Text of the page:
Mbalula withdraws Ntlemeza’s bid to remain Hawks boss

Police Minister Fikile Mbalula has withdrawn the appeal of a high court judgment setting aside the appointment of Berning Ntlemeza as head of the Directorate for Priority Crimes Investigations (the Hawks).

Mbalula’s office confirmed in a statement that the appeal to keep Ntlemeza in his position was withdrawn in the Supreme Court of Appeal on Wednesday.

“The minister of police will on Thursday meet with the top management of the Hawks and inform them of his decision,” police spokesperson Vuyo Mhaga said.

Ntlemeza was appointed by former police minister Nathi Nhleko in December 2014. Civic organisations Freedom Under Law and the Helen Suzman Foundation approached the courts last year to have the appointment declared invalid.

After the first failed attempt, the organisations approached the High Court in Pretoria at the end of last year, arguing that the position of Hawks head required integrity and honesty, and Ntlemeza had been found wanting.

In March 2015, high court judge Elias Matojane wrote in a judgment that Ntlemeza was dishonest, lacking in integrity and dishonourable.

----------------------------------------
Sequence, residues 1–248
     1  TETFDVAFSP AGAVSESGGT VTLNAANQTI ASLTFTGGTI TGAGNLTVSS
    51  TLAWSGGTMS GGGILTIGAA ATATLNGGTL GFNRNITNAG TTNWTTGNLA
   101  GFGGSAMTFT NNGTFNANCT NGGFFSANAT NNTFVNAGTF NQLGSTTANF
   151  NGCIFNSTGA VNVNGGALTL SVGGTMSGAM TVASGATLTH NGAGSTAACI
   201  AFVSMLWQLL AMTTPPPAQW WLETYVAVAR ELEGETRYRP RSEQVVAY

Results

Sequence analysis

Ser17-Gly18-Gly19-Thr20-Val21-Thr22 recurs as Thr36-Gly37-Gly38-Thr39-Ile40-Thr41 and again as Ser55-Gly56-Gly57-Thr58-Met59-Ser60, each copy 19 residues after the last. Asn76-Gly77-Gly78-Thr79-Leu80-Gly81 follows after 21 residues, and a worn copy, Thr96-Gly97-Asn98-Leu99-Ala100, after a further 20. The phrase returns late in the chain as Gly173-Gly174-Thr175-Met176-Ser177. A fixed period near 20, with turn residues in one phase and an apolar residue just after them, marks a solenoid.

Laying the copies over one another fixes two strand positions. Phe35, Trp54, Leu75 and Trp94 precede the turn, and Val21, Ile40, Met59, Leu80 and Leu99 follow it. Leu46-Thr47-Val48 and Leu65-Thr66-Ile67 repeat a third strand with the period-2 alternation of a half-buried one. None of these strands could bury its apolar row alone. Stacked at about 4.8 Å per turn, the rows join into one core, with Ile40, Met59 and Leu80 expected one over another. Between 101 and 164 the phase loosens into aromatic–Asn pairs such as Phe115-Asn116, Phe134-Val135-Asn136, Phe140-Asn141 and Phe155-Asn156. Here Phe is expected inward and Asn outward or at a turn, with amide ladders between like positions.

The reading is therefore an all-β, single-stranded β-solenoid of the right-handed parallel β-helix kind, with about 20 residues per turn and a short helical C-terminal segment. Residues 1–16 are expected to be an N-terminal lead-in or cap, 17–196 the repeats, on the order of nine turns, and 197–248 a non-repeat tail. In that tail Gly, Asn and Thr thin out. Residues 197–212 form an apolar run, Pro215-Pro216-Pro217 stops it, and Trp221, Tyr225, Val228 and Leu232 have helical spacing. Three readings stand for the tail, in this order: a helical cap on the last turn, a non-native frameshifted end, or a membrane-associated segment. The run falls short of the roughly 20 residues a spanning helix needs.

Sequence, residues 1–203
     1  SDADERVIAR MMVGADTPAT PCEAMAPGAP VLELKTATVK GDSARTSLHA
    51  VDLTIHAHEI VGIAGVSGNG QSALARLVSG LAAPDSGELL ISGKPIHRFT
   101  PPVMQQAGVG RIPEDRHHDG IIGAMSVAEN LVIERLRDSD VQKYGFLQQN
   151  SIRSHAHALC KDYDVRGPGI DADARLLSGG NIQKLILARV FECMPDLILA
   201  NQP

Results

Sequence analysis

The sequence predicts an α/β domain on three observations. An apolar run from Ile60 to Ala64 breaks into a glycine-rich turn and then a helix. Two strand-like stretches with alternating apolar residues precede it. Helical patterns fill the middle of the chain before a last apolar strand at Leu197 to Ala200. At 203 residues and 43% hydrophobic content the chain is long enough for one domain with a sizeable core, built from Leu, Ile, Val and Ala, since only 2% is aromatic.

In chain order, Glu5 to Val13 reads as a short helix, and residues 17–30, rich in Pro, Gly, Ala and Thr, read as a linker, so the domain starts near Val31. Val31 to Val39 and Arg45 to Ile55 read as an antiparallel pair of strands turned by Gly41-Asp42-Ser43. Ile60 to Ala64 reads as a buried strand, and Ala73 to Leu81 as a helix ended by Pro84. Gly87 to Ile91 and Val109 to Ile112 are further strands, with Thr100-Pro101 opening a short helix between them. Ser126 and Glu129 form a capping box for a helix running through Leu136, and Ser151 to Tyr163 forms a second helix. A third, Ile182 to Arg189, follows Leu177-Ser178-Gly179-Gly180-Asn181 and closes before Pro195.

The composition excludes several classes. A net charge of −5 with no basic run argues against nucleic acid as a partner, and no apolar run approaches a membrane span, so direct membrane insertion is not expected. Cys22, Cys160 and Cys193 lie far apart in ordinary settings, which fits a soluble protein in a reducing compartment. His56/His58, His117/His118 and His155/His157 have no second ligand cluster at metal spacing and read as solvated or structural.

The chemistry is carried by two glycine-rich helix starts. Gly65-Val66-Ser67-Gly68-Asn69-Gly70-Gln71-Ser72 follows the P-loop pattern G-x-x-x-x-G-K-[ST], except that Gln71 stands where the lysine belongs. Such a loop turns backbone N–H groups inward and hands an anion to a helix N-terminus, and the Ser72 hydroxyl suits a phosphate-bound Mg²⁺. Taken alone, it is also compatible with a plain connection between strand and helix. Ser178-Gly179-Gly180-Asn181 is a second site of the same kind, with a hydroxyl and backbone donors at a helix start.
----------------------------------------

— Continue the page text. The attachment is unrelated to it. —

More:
Shortly after being appointed minister of police in a controversial Cabinet reshuffle by President Jacob Zuma, Mbalula signalled his intention to accept the high court ruling. 

“I think in the police we are not running short of men and women, nobody is irreplaceable here. Anybody can be replaced in the police. I’m not prepared to waste time about General Ntlemeza until Christmas,” Mbalula said last week.

“We need the Hawks to dig out those criminals with bad motives who are crippling our country in terms of serious economic crimes … I’m not going to be sitting here without a head [of Hawks] and then somebody [Ntlemeza] is running around in court. I need criminals behind bars.”

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Govan Whittles

Govan Whittles is a general news and political multimedia journalist at the Mail & Guardian. Born in King William's Town in the Eastern Cape, he cut his teeth as a radio journalist at Primedia Broadcasting. He produced two documentaries and one short film for the Walter Sisulu University, and enjoys writing about grassroots issues, national politics, identity, heritage and hip-hop culture.


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